> no information on the current state until one of such events occur. If
> the publisher's "latch" option would be set to true, the subscriber
> would automatically get the last state message published, which is
> something I'd find very useful.
>
> I was wondering if there's a reason for not setting the latching
> option, or if it was just left like that by default. If there's no
> specific reason, I think setting this option would only entail a minor
> change to "rtt_ros_integration" stack shown in the attached patch.

While I understand the reasons why you want to do what you want to do, I do
not find the suggested solution the right one:
- if you want a state machine to make its state public, add a component
("state listener") to the Orocos side of your application, that is
subscribed to state change events, and sends them over a data port.
- connect that data port to a ROS topic connection.
- connect a ROS node that listens to that topic.
- set the communication policy to a "buffer loss" that is the one you like.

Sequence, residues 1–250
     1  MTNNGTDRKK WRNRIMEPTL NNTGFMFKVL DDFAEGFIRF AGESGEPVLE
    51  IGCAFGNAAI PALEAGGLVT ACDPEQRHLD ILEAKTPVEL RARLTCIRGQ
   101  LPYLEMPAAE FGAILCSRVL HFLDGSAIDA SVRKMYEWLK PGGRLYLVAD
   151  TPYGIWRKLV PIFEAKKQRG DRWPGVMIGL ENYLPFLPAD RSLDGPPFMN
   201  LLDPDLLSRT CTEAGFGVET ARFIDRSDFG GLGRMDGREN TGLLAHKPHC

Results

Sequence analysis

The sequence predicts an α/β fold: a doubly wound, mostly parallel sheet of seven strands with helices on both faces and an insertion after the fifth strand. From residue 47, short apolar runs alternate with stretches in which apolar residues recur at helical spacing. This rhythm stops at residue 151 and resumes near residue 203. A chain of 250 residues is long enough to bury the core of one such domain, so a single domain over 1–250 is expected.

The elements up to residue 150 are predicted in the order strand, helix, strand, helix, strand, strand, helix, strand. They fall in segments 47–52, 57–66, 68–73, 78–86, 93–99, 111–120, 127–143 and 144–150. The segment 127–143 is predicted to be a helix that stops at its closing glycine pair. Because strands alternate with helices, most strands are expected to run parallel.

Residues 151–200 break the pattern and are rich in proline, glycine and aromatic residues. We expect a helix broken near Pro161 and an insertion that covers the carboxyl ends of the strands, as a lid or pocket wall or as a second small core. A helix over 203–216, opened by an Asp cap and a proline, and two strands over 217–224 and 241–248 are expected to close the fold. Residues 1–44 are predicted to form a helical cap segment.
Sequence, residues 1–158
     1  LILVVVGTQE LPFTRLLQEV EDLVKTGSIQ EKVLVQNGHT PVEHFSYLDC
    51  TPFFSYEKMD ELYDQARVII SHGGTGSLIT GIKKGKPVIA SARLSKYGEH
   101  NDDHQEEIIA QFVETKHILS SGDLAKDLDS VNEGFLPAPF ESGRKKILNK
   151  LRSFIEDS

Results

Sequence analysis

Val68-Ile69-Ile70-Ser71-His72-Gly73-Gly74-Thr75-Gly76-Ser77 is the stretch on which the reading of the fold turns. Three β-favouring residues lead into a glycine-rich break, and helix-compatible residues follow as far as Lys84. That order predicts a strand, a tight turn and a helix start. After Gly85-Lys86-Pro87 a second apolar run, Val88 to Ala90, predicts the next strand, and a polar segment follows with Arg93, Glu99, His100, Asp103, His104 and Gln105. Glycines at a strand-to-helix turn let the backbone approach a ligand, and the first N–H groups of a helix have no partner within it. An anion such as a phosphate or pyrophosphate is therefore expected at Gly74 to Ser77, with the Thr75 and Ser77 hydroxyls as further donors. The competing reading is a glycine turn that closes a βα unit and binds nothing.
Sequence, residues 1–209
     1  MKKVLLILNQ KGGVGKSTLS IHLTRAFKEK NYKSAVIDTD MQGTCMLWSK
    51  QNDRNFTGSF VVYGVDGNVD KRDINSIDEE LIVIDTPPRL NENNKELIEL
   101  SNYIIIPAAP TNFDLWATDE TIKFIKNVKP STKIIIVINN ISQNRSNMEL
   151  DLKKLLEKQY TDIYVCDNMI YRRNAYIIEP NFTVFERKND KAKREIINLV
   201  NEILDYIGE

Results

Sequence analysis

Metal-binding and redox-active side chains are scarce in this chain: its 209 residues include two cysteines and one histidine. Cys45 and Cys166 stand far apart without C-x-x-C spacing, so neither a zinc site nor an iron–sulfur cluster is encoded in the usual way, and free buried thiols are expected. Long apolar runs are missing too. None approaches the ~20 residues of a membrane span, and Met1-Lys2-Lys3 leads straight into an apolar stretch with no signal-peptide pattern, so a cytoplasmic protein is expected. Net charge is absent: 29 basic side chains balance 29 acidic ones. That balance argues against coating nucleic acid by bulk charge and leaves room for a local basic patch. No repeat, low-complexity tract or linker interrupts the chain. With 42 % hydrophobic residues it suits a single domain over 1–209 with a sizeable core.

In this way, you keep the Coordination aspects of the FSM decoupled from
the logging, in a reusable way; and the Communication policy configuration
decoupled from where the communicated data is created.

> Should I submit this somewhere?
>
> Regards,
> Miguel

Herman

ROS transport and latching

2013/1/25 Herman Bruyninckx <Herman [dot] Bruyninckx [..] ...>:
> On Fri, 25 Jan 2013, Miguel Prada wrote:
>
>> Hi all,
>>
>> I'm developing an application with Orocos+ROS, and I've just found out
>> that the ROS publisher created for the ROS transport does not set the
>> "latch" option to true. This option makes the last message published
>> to be stored and sent to new subscribers even after its been
>> published.
>>
>> The specific situation that raised my attention is as follows. I'm
>> running a rFSM component in the Orocos side which takes care of some
>> coordination aspects, and I'm willing to forward its state to the ROS
>> side. This can be done by using the "post_step_hook_add" function to
>> call a function at each state machine step, but then the state will
>> only be publish at certain times (e.g. state changes), instead of
>> periodically, and ROS components that subscribe to this topic will get
>> no information on the current state until one of such events occur. If
>> the publisher's "latch" option would be set to true, the subscriber
>> would automatically get the last state message published, which is
>> something I'd find very useful.
>>
>> I was wondering if there's a reason for not setting the latching
>> option, or if it was just left like that by default. If there's no